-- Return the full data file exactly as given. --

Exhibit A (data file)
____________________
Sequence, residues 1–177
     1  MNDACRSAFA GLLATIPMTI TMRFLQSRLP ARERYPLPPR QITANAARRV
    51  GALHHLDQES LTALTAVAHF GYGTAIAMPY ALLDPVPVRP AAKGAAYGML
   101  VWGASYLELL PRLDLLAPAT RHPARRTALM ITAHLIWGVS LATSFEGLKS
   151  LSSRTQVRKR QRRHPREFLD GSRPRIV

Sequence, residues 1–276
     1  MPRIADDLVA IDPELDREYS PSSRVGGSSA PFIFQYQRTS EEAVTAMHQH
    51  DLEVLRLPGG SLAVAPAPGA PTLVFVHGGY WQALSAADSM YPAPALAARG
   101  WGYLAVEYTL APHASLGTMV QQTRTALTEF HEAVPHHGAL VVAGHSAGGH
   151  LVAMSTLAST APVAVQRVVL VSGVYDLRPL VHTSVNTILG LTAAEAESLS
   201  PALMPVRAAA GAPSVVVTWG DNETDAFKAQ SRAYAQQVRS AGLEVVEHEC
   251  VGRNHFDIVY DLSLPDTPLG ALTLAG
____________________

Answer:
Sequence, residues 1–177
     1  MNDACRSAFA GLLATIPMTI TMRFLQSRLP ARERYPLPPR QITANAARRV
    51  GALHHLDQES LTALTAVAHF GYGTAIAMPY ALLDPVPVRP AAKGAAYGML
   101  VWGASYLELL PRLDLLAPAT RHPARRTALM ITAHLIWGVS LATSFEGLKS
   151  LSSRTQVRKR QRRHPREFLD GSRPRIV

Sequence, residues 1–276
     1  MPRIADDLVA IDPELDREYS PSSRVGGSSA PFIFQYQRTS EEAVTAMHQH
    51  DLEVLRLPGG SLAVAPAPGA PTLVFVHGGY WQALSAADSM YPAPALAARG
   101  WGYLAVEYTL APHASLGTMV QQTRTALTEF HEAVPHHGAL VVAGHSAGGH
   151  LVAMSTLAST APVAVQRVVL VSGVYDLRPL VHTSVNTILG LTAAEAESLS
   201  PALMPVRAAA GAPSVVVTWG DNETDAFKAQ SRAYAQQVRS AGLEVVEHEC
   251  VGRNHFDIVY DLSLPDTPLG ALTLAG